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German UBA Study favours single European Nano Product Register over many National ones

A study recently publishes by the German Federal Environment Agency (UBA) has concluded that ‘the creation of [a] horizontal European register of products containing nanomaterials, which is buil[t] on present substance- and product-related regulations, is preferable to a separate register’. The findings, presented in Assessment of Impacts of a European Register of Products containing Nanomaterials, indicate that a register making use of existing regulatory obligations would result in ‘significantly lower costs’.

Savings for substances in the European register that are already registered under the REACH Regulation are expected to be between 90-95%, 80% in cosmetics, 95% for food (by making use of the EC’s Novel Food Regulation), and 40% for cleaning and disinfectant products (by make partial use of the EC’ Biocidal Products Register). The study also indicates that ‘the extent of notification between the various sectors differs considerably, with coatings and inks, rubber, paper, health care and cosmetics likely being subject to the most notification requests.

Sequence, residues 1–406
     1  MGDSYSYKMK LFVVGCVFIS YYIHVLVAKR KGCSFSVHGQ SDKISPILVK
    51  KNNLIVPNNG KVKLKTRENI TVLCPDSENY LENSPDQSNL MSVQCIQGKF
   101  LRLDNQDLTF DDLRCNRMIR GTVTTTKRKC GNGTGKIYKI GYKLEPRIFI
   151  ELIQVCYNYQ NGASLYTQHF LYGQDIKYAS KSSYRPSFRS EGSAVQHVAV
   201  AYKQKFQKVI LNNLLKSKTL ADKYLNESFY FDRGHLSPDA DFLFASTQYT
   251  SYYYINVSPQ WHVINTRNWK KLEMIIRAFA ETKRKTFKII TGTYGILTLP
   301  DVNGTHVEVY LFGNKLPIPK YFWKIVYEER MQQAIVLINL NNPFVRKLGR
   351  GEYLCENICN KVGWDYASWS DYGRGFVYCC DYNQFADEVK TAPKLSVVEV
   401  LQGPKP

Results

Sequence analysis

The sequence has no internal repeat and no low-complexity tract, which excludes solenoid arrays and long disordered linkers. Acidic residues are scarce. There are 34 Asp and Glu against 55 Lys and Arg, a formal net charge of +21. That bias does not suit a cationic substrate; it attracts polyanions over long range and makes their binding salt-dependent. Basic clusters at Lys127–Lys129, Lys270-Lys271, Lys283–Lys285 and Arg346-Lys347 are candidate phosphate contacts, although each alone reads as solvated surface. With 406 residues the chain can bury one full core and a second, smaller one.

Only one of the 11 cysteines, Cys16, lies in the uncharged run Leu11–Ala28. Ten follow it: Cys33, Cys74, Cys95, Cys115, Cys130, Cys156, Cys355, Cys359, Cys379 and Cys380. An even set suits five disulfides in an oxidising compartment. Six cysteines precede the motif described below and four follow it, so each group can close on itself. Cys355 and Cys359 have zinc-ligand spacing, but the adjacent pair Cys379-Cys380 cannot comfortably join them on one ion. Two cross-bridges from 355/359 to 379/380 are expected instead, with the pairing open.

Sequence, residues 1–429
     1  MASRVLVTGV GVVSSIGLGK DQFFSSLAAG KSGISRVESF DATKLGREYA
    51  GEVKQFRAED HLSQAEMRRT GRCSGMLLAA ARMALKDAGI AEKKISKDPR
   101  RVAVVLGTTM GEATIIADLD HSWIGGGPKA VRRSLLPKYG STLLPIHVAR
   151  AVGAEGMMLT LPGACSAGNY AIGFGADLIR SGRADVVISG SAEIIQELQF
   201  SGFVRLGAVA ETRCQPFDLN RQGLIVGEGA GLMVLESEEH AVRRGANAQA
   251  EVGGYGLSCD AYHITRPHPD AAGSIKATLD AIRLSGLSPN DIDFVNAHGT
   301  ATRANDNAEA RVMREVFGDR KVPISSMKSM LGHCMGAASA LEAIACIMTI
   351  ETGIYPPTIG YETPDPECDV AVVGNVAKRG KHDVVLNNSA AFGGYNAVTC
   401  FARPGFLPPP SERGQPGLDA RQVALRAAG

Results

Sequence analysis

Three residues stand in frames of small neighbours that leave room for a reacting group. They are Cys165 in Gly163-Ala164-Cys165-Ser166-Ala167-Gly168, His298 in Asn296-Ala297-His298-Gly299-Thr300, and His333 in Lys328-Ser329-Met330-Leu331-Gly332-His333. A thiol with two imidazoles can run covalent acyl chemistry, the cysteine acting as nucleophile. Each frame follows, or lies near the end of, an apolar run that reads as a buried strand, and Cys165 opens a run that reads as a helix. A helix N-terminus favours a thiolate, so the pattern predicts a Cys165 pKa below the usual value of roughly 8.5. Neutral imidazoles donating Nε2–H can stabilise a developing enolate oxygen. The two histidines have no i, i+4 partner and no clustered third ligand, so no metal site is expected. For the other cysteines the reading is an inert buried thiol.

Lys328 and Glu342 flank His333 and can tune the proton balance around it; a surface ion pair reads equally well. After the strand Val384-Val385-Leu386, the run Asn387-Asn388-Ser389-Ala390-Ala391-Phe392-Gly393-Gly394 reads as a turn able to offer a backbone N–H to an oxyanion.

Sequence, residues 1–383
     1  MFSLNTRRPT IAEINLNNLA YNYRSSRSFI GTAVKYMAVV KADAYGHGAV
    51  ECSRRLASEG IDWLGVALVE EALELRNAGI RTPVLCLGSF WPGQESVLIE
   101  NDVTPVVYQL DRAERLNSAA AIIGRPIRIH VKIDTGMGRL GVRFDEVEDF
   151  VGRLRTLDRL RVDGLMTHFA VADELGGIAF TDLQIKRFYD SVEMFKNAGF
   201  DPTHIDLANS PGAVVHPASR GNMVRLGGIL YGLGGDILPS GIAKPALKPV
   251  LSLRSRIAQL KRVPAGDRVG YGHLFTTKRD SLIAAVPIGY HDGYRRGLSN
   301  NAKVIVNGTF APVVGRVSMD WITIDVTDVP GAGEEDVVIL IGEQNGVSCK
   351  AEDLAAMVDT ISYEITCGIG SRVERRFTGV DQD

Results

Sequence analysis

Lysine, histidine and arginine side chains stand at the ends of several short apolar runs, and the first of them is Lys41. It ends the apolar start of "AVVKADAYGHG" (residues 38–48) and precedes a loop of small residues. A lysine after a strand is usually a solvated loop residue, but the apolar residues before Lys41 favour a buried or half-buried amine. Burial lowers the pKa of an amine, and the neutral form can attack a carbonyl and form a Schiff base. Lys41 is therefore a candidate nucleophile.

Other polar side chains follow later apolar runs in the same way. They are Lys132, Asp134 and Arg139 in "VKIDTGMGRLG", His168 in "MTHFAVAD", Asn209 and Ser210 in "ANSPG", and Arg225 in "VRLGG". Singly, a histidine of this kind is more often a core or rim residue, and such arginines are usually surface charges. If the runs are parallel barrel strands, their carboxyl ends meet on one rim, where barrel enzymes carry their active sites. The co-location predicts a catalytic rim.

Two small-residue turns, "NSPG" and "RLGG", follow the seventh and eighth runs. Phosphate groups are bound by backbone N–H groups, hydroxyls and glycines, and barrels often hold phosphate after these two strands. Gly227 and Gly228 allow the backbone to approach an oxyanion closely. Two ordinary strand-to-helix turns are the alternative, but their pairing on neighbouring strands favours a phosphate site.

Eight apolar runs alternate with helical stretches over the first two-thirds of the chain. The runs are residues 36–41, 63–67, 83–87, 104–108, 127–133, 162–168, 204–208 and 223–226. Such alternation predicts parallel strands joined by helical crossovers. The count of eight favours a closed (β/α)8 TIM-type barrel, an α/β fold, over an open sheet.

The study was also said to provide ‘important insights into factors that have a high impact on the cost-benefit ratio of a register’. It was found that implementation costs ‘are 4 to 5 times higher than the recurring costs’, as a company would need to adapt its business procedures, undergo administrative changes and train staff in order to comply. UBA also found that ‘the costs for substances are an order of magnitude lower compared to the costs of mixtures and articles’.

A sector specific assessment that would ‘allow statements about the relative price effect on specific product groups’ was not available due to a lack of data. In fact, a lack of input on the calculations of costs is acknowledged by the authors, who admit that they were forced to calculate many of the costs ‘based on assumptions’. Nevertheless UBA decided to publish the study ‘as a basis for further reflection and discussion on the impact assessment’.

 

Follow this link to read the full report by UBA.

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